Claremont, Calif. (September 04, 2013)— Pitzer College Professor of Media Studies Alexandra Juhasz spearheads “Feminist Dialogues on Technology,” a new model for online learning called a DOCC (Distributed Open Collaborative Course) this fall. She is the co-facilitator of FemTechNet, a network of international scholars and educators at 15 higher education institutions, who are bringing education online through DOCC 2013, a new approach to collaborative learning.
This semester, students from Juhasz’s “Feminist Dialogues on Technology” course will work and collaborate through the DOCC 2013 as well as in the classroom. Juhasz will host a live stream dialogue at Pitzer College on November 14, 2013 that presents Professors Radhika Gajjala (Bowling Green State University) in conversation with Sharon Irish (University of Illinois) discussing the feminist understandings of concept of place in relation to technology. More than 200 enrolled students along with self-directed learners from around the world will view the dialogue live, or in its later edited version. This is one of ten such “Dialogues” which will be offered by the FemTechNet effort over the course of fall 2013, and available weekly on the femtechnet.org Commons site.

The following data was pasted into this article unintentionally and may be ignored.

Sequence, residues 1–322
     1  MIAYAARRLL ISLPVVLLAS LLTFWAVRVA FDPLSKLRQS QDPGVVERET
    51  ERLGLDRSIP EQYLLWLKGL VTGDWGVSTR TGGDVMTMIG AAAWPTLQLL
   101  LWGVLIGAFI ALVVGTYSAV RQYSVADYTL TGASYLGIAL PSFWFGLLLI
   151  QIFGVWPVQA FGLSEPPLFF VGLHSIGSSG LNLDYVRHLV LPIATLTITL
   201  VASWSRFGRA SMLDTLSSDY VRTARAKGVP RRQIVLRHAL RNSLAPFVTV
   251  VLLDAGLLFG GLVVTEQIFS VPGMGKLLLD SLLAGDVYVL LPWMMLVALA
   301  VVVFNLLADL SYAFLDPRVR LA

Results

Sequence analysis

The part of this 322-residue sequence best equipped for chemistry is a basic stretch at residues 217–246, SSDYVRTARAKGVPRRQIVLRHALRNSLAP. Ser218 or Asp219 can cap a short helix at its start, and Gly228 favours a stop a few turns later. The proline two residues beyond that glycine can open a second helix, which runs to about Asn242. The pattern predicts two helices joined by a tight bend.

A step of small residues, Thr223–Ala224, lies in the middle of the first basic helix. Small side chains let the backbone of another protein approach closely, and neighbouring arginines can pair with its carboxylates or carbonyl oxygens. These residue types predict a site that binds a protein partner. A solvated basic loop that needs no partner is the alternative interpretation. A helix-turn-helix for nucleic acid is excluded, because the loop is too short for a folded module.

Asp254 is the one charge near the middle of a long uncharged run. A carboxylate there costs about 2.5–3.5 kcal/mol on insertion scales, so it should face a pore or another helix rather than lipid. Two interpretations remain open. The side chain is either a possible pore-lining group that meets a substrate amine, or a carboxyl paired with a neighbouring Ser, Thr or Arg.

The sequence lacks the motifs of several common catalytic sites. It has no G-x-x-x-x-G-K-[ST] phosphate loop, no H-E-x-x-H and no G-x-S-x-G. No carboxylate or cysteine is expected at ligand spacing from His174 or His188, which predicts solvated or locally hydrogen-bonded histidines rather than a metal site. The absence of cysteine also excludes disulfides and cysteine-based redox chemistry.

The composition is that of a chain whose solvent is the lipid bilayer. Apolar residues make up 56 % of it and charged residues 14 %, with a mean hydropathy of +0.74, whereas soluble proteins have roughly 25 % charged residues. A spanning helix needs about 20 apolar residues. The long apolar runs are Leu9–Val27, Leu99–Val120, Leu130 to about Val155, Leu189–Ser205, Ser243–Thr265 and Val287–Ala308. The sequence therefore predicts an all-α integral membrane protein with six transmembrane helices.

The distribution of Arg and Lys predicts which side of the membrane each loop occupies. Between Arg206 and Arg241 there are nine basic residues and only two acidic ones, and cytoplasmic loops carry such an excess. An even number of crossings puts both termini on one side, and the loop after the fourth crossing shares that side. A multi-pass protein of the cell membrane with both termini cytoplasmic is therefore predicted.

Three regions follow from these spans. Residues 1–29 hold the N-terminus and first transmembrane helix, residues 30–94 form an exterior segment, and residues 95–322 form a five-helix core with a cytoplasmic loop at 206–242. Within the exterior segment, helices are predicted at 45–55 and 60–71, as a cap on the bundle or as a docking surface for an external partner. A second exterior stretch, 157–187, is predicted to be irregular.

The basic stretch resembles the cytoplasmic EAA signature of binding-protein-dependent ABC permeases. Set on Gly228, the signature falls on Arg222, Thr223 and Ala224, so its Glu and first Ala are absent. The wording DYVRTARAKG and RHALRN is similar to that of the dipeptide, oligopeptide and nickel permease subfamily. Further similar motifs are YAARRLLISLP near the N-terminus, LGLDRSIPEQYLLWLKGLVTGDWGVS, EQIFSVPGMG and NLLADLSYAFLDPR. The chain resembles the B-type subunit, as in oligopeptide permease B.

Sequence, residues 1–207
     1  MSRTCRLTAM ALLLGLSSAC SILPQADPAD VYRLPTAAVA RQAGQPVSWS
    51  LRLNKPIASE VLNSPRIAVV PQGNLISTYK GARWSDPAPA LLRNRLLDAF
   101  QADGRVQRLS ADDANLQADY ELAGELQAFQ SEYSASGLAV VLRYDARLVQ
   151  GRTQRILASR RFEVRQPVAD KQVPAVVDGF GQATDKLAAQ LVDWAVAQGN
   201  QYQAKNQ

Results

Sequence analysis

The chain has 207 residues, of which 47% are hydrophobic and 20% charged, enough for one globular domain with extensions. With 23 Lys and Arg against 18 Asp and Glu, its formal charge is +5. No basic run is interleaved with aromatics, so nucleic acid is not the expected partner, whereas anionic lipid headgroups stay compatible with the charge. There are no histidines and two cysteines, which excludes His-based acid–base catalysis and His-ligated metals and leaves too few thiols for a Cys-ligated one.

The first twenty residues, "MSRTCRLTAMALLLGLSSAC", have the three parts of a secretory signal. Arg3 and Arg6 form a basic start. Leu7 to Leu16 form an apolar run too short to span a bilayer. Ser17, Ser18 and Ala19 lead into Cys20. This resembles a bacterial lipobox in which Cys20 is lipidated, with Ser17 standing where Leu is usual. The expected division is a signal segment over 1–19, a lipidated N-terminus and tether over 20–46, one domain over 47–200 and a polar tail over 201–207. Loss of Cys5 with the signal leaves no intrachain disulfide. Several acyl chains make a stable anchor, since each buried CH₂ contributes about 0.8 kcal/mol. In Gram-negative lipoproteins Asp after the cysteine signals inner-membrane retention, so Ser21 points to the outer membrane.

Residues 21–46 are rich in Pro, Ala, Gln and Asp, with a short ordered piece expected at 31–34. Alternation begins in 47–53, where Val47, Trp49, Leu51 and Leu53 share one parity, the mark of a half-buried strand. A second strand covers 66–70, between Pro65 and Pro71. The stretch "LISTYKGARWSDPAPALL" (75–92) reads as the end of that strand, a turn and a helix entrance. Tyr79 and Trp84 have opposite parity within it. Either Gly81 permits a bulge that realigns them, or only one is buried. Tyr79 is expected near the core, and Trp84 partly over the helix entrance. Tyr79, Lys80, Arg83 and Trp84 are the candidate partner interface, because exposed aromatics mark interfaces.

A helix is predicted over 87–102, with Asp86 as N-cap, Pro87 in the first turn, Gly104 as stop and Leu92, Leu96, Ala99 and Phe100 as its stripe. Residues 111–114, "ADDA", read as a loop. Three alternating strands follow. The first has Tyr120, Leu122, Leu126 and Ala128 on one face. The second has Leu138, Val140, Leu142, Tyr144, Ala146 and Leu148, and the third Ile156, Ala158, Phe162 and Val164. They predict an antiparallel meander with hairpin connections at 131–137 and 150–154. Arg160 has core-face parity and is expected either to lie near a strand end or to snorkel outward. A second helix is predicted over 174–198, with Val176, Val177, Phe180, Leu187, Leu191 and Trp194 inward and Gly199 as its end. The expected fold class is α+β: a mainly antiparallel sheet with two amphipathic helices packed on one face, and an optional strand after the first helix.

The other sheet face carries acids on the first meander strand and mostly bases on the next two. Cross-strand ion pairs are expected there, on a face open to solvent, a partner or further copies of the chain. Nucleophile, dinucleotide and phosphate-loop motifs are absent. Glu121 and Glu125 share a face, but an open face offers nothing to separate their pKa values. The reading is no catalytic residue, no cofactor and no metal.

The 15 participating higher education institutions range from small liberal arts colleges to large research universities, they include: Bowling Green University, Brown University, California Polytechnic State University, Colby-Sawyer College, CUNY, Macaulay Honors College and Lehman College (CUNY), The New School, Ohio State University, Ontario College of Art and Design, Pennsylvania State University, Rutgers University, University of California San Diego, University of Illinois Urbana-Champaign and Yale University.
FemTechNet is an activated network of hundreds of scholars, students and artists who work on, with, and at the borders of technology, science and feminism in a variety of fields, including Science, Technology and Society (STS), Media and Visual Studies, Art, Women’s, Queer and Ethnic Studies. The network is a collaborative feminist technological innovation for the purposes of addressing the educational needs of students interested in advanced topics in feminist science-technology studies. Moreover, the network seeks to engender a set of digital practices among women and girls, to teach and encourage their participation in writing the technocultural histories of the future by becoming active participants in the creation of a global digital archive.